Indonesian Historiography: From Nationalist Disentangling to Global Reconnection

https://doi.org/10.22146/ikat.v7i1.94598

Anthony Reid(1*)

(1) Australian National University, Australia
(*) Corresponding Author

Abstract


This article originated in a keynote lecture to the 10th Indonesian National History Conference (KSNI) in 2016, the theme of which was Maritime History. The founders of those national conferences in the 1950s and ‘60s were seeking to disentangle Indonesia’s history and destiny from a Dutch-centric perspective, and create an Indonesia-centric history with its own vantage point and values. This article argues that they succeeded so well that Indonesian history is now dangerously detached from world history at a time when the new generation lives in a globalized world.  Indonesia’s pride in its own history can provide plenty of entry points into global history, whether economic, religious, intellectual or social.  History training must beware creating different histories for each nation-state lest it become the problem for international understanding, rather than the solution.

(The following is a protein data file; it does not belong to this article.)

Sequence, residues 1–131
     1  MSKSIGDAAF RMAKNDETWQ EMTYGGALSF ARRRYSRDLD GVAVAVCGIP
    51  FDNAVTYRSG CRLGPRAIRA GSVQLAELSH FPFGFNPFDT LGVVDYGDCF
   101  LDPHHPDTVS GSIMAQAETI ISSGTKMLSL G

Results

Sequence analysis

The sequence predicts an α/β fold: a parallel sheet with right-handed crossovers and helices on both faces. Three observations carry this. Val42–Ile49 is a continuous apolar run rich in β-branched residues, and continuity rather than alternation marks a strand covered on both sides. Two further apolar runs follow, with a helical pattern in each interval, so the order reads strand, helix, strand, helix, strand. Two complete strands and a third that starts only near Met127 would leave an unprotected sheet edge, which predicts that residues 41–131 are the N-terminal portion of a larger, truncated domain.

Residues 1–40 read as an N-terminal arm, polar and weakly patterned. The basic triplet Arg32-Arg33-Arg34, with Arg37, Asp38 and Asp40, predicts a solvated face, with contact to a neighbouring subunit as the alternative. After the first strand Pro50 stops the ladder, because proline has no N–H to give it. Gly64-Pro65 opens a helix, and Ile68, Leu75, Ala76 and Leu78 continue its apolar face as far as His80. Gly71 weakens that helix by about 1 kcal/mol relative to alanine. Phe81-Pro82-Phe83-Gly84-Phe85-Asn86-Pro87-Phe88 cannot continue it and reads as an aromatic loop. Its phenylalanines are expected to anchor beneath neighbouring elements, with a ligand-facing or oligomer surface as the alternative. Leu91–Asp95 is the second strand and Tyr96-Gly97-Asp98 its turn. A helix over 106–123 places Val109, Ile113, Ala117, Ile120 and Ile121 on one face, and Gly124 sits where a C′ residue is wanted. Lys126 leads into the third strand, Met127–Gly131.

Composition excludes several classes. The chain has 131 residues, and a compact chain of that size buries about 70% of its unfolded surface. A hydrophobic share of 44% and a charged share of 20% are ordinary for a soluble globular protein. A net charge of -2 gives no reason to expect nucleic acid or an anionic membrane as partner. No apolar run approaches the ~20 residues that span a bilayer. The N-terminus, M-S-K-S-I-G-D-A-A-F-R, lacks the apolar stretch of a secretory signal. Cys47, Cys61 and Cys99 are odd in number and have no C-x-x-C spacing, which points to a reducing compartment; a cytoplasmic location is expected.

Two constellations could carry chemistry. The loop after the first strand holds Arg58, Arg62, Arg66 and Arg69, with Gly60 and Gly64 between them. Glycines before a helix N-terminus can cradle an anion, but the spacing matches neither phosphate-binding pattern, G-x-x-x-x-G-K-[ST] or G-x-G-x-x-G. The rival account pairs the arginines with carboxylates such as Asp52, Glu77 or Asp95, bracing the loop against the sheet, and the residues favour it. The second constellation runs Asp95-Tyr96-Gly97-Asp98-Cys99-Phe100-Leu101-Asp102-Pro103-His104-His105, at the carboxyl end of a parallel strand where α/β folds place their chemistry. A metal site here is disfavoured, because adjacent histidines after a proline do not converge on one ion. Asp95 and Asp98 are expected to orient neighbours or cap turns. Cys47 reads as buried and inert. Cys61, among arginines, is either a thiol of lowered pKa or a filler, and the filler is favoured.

Keywords


Indonesia, Maritime History, Global History, Nationalism, History of Science

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DOI: https://doi.org/10.22146/ikat.v7i1.94598

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